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Ukraine seeks trilateral partnership with Poland, UK

February 1, 2022

Ukraine, Poland and Britain are looking to form a partnership to strengthen regional security. The buildup of tens of thousands of Russian troops near the Ukrainian border has prompted fears of an invasion.

Poland's Prime Minister Mateusz Morawiecki and Ukraine's Prime Minister Denis Shmygal pose for media before their meeting in Kyiv, Ukraine
Ukrainian prime minister, right, said talks with Poland's Mateusz Morawiecki were 'substantive and fruitful'Image: Ukrainian Prime Minister Press Office/AP Photo/picture alliance

Ukrainian Prime Minister Denys Shmygal and his Polish counterpart, Mateusz Morawiecki, said Tuesday that they were working with Britain to boost three-way cooperation in the face of "Russian aggression."

The announcement came as British Prime Minister Boris Johnson traveled to Kyiv for talks. 

In a joint press conference with Morawiecki in Ukraine's capital, Shmygal said: "I hope that, in the near future, we will be able to officially launch a new regional format of cooperation Ukraine-Poland-UK. In the context of ongoing Russian aggression, we should sign a trilateral document on cooperation to strengthen regional security." 

Poland and Britain have both offered security aid to Kyiv amid a buildup of tens of thousands of Russian troops near Ukraine's borders in recent weeks. 

Poland to help supply armaments

The Polish prime minister addressed the threat he said Russia posed: "Living close to a neighbor like Russia, we have the feeling of living at the foot of a volcano," Morawiecki said, while adding that Ukraine would receive artillery ammunition, along with mortars, mobile air-defense system, and drones.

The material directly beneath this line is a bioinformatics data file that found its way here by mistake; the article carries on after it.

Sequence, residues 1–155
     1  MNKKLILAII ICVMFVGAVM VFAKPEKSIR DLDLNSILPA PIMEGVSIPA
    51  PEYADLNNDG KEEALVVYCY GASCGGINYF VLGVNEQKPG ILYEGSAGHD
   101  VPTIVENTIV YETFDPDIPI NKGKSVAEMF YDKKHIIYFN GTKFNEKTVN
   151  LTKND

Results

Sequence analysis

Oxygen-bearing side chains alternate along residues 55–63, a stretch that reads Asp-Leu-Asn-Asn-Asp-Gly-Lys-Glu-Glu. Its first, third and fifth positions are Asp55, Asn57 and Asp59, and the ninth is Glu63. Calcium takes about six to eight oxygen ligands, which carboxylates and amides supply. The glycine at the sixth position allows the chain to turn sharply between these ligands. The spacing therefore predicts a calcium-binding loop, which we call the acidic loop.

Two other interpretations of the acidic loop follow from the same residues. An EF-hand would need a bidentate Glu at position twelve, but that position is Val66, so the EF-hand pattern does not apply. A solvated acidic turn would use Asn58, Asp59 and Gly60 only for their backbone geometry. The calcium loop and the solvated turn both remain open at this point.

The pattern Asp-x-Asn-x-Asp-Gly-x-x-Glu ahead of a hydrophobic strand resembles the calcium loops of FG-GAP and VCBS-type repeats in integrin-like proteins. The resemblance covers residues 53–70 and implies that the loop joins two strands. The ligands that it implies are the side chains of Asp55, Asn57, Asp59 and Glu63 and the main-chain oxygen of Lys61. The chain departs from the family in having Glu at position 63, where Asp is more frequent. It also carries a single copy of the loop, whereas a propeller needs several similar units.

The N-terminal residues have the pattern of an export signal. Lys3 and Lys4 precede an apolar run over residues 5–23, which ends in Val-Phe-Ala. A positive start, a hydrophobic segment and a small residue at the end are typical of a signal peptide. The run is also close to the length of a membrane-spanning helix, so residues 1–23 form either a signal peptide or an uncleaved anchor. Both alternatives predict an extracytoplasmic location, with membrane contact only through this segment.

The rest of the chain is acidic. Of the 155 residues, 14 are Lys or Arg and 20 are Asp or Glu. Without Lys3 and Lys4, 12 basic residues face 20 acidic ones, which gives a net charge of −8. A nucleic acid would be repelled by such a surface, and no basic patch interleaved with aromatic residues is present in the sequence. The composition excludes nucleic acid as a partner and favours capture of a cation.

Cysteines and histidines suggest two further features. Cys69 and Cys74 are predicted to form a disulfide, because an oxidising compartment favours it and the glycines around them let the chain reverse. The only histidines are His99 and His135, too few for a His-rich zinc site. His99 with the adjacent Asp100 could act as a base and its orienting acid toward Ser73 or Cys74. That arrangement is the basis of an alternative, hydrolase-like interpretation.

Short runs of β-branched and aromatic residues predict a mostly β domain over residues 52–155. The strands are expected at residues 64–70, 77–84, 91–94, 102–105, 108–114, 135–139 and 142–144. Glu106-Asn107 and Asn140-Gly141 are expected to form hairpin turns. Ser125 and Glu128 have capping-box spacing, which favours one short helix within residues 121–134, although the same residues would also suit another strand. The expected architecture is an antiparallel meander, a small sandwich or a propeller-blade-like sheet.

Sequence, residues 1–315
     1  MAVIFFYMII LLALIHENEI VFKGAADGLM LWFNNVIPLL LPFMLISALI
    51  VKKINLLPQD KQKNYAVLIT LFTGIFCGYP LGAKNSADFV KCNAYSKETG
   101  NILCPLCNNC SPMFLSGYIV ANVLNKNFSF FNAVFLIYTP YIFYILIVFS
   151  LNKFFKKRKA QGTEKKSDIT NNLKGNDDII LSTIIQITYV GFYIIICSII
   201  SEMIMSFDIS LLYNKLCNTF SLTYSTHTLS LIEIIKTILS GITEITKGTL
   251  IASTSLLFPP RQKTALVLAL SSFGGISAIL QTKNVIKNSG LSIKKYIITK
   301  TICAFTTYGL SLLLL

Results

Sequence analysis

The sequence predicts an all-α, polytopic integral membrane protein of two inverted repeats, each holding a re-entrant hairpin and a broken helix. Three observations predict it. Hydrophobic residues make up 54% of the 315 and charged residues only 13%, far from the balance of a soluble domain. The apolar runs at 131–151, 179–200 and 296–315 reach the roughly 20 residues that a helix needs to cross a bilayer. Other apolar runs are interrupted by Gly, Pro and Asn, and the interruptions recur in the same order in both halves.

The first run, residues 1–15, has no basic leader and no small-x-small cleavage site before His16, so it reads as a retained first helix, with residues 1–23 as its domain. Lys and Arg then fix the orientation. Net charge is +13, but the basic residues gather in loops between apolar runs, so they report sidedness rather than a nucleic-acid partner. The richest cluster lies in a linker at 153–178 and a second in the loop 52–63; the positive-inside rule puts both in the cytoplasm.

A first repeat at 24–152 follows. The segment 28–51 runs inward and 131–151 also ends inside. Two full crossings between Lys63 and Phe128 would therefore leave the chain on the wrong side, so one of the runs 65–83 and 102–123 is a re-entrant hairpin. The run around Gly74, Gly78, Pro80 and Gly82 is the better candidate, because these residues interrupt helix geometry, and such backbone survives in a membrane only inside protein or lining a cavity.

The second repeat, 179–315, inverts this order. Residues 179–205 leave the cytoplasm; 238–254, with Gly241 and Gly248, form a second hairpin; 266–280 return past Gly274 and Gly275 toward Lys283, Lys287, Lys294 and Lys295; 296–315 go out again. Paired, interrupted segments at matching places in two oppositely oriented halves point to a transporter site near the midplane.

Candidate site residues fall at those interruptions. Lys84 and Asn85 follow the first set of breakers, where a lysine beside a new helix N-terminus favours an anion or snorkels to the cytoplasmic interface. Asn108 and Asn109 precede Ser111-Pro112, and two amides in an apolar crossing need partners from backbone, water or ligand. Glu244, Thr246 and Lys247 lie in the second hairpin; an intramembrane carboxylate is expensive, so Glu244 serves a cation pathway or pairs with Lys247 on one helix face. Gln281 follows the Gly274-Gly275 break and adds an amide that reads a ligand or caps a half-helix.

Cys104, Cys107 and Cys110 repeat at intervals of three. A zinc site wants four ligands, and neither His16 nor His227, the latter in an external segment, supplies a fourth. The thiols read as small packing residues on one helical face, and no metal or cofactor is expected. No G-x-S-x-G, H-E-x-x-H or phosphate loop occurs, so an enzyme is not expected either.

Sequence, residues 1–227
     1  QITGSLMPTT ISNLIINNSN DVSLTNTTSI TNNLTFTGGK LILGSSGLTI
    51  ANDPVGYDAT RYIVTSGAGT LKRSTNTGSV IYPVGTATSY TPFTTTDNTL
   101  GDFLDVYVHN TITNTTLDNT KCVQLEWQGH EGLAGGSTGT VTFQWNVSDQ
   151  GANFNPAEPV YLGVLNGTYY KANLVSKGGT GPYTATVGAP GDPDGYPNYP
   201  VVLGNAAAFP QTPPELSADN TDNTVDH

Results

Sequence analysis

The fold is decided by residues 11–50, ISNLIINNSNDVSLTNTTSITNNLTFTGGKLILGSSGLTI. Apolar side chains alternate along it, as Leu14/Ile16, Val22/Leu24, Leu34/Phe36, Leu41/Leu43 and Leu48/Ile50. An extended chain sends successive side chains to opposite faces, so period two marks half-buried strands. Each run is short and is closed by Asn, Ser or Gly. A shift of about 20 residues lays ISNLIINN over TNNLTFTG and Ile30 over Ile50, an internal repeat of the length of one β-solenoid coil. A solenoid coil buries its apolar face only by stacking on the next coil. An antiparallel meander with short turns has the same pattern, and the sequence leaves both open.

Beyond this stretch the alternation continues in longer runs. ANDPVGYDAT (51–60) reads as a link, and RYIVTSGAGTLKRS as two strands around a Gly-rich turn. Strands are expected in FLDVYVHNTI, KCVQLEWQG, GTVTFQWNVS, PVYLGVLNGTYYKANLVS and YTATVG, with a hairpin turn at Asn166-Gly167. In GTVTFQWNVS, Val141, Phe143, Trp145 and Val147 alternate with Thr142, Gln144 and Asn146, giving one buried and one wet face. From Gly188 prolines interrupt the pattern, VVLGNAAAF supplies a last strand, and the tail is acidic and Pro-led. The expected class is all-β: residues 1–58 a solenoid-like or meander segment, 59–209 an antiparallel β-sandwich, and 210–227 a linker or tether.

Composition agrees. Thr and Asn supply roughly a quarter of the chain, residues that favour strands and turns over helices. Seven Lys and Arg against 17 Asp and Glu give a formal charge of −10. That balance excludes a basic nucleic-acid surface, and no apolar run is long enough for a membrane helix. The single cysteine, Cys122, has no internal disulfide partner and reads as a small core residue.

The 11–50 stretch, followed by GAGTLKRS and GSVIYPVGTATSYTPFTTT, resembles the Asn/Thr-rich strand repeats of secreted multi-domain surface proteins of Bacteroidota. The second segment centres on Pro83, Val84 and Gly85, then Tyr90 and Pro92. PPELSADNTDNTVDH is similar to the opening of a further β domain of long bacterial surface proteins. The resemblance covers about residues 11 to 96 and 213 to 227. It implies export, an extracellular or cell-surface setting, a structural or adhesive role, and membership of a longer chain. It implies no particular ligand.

Poland has expressed its concerns in the past about Russia's threat to regional security.

Last year, Warsaw's defense chief cited "Russia's imperial ambition" as being one of the reasons behind a new  homeland defense bill that could see troop numbers more than double.

Ukrainian President Volodymyr Zelenskyy on Tuesday signed a decree to bolster his country's armed forces by 100,000 troops, bringing the total number to 350,000 over a three-year period.

Zelenskyy called for calm and said he made the decision "not because we will soon have war ... but so that soon and in the future there will be peace in Ukraine."

Poland's Nord Stream 2 concerns

The Polish prime minister also called on Germany not to proceed with the Nord Stream 2 pipeline. Morawiecki said that the supply line from Russia presented significant security risks.

"Through launching this pipeline, Berlin is loading Putin's pistol, which he can then use to blackmail the whole of Europe," he said.

Germany depends on natural gas imports, much of which come from Russia.

Berlin has also refused to supply Kyiv with weapons and has sought dialogue with the Kremlin as a way of easing tensions.

kb/nm (AFP, Reuters)